Paying Lip Service to Lipari
Lipari's cathedral has a beautifully intimate interior, and its Norman Cloister, was overwhelmingly
We here at My Guide Sicily are committed to getting out and about in our destination to provide you with specialist Sicilian information and inspirational ideas. Besides, it’s a good excuse to treat ourselves to the plenitude of delights our island offers! Accordingly, we recently visited Lipari, the busiest and most diverse of the Aeolian Islands that cluster around Sicily’s triangular form. We opted to visit for a weekend in July, the best time to sample all the simple things to do in Sicily, when temperatures sizzle at over 30 degrees centigrade, and the cobalt blue of the Mediterranean Sea is most alluring.
Having driven to Milazzo, a port in the north-east of the Sicilian mainland, we took a futuristic-looking hydrofoil across to Lipari, mesmerised the entire way by the blinding paparazzi sparkles blazing across the Med, and the chaotic waves left reeling in our wake. After fifty minutes – less than half the time it takes a standard ferry – we arrived Marina Lunga dock, a bustling hive of activity where opportunistic locals shower fresh-faced tourists with offers of accommodation, boat trips, scooter rentals, and more. We politely declined.
We made our way towards the cobbled street of Corso Vittorio Emanuele, our hope being to find the island’s duomo (cathedral) and castle walls, behind which sits the fantastic Museo Eoliano, the second most important archaeological museum in Europe.
The cathedral’s beautiful and intimate interior, as well as its Norman Cloister, was overwhelmingly impressive, while the archaeological remains between the cathedral and castle walls were also fascinating, including Greek and Roman tombs, and the ghost of an amphitheatre.
Our descent from the castle walls took us past Da Fillipino, a deep pink restaurant surrounded by a kaleidoscope of flowers and trees, where we decided to take lunch. A warm welcome greeted us on the restaurant’s outdoor terrace, on which we were shown to a table surveying a magnificent view of the castle. We enjoyed a selection of freshly baked breads and thirst-quenching water before asking our waiter, Antonio, for Tagliolini ai Frutti di Mare (con ricci), a divine starter dressed in a fruits-of-the-sea sauce that included octopus, shrimps, mussels and ricci (sea urchins).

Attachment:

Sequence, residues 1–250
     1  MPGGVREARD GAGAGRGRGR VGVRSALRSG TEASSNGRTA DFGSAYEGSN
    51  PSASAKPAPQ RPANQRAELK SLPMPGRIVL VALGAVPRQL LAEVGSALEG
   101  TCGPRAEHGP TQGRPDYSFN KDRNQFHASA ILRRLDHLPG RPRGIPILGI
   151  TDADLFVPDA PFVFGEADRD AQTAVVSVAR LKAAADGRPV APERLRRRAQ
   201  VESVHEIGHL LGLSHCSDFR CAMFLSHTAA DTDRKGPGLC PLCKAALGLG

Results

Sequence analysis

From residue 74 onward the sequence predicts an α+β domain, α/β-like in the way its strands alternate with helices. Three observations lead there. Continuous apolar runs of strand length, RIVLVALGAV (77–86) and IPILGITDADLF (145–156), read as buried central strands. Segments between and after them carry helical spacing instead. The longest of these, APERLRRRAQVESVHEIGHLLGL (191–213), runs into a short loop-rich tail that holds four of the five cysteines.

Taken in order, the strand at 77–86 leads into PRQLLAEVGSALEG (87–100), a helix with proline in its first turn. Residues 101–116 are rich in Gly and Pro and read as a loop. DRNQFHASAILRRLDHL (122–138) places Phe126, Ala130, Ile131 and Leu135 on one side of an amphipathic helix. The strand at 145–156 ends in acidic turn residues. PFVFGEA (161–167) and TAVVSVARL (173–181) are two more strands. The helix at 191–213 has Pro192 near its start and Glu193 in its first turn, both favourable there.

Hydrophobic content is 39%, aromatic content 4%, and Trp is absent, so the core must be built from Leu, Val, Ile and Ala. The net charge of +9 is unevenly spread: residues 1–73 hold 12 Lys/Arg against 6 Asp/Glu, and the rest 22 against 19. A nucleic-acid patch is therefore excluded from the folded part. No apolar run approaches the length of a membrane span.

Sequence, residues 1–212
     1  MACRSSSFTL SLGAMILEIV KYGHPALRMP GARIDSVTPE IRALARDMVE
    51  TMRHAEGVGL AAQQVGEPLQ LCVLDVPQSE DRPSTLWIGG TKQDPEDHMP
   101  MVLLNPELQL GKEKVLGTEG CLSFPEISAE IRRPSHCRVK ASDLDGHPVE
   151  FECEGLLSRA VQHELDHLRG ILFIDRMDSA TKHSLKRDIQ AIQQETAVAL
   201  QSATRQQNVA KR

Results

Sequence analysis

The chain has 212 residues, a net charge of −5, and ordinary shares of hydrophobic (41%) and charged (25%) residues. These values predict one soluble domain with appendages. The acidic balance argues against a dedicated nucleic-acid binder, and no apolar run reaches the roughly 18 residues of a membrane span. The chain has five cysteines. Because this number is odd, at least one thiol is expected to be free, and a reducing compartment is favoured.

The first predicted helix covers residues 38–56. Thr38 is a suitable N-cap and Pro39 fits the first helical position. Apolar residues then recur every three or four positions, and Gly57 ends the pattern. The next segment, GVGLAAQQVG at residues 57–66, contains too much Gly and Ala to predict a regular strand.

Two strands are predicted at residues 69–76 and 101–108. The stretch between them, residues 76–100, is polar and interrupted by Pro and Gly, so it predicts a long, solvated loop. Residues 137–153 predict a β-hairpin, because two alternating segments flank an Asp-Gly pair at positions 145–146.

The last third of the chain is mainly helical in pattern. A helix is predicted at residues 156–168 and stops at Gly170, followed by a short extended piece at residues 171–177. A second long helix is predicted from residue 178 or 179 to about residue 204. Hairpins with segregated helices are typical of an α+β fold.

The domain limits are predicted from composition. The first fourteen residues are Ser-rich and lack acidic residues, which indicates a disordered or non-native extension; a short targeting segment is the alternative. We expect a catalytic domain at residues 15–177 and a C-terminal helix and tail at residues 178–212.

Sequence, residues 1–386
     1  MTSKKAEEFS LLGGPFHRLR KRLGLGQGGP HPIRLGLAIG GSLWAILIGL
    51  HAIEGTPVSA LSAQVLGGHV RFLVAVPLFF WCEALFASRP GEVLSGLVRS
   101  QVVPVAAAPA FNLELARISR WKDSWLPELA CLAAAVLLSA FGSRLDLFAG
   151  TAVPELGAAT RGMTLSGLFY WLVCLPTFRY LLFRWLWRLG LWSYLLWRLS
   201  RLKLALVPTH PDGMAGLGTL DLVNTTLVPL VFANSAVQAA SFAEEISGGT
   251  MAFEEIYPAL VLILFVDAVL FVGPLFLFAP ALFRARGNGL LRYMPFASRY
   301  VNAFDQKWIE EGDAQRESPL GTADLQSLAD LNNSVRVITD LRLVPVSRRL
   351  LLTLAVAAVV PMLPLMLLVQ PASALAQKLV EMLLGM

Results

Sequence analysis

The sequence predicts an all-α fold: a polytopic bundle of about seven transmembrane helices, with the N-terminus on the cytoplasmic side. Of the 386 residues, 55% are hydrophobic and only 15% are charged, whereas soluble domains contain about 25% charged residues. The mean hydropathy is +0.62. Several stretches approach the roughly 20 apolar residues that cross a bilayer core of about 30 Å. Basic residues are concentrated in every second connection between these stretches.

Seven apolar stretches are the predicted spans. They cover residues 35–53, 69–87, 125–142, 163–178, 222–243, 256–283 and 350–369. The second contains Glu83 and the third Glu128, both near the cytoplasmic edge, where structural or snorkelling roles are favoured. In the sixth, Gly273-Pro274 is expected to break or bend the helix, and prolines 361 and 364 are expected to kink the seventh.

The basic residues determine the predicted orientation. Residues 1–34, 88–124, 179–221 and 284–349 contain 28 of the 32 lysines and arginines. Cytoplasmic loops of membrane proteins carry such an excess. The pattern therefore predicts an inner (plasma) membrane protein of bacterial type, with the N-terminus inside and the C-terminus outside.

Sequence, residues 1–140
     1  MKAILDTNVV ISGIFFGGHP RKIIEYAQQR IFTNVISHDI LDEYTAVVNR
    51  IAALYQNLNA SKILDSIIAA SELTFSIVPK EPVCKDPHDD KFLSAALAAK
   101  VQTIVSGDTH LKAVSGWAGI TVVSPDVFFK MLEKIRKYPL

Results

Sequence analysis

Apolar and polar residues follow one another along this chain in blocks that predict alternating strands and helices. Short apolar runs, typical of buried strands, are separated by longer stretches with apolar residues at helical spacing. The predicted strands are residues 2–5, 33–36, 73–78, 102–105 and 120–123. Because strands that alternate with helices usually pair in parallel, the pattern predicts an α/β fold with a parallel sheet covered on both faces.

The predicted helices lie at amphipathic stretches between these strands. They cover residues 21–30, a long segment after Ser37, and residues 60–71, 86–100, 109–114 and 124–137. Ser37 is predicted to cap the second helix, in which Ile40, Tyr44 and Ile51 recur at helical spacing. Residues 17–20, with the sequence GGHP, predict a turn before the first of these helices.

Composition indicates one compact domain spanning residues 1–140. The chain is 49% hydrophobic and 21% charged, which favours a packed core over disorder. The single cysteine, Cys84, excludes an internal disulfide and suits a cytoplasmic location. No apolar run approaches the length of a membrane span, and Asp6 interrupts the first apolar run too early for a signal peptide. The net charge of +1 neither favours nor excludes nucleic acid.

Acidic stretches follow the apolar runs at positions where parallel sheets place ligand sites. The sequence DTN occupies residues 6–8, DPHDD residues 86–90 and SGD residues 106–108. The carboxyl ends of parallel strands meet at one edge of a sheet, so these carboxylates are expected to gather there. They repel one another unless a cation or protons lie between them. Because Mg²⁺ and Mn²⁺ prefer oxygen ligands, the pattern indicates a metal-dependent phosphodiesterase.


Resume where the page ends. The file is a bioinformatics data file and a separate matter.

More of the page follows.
For own main course we chose Ricciola a Chiotta, a dish featuring Umberjack (fish) in a delicious tomato and caper sauce that we were compelled to mop up with all the bread we could lay our hands on. The whole thing was immaculately presented and cooked to perfection. We finished with an amazing cherry sorbet along with a couple of cheeky pastries swimming in crèma pasticera (a kind of custard cream), and then, finally, a local dessert wine called Malvasia. Overall, the staff were magnificently attentive, and the setting perfect.
We spent the rest of the day wandering around Via Garibaldi and down to the dock of porta marina, retiring eventually to our hotel, La Pinneta, which is ideally located above the yacht harbour of Pignataro. The rooms are tastefully furnished and the bathrooms feature hydro-massage showers that are quite the delight.
After gawping open-mouthed at an inspiring sun-kissed view during breakfast on the hotel’s terrace the following morning, we set off to see Lipari’s beaches, of which our favourite was the Spiaggia Bianca because of its fine mix of pebble and sand. After a lengthy spell there we headed for a late lunch at E'Pulera, a romantic restaurant that sits in a beautiful courtyard garden, offering a selection of classic Aeolian dishes. We satiated ourselves on possibly the finest swordfish on this planet before stepping back on the boat towards Milazzo, bringing our idyllic weekend to an end.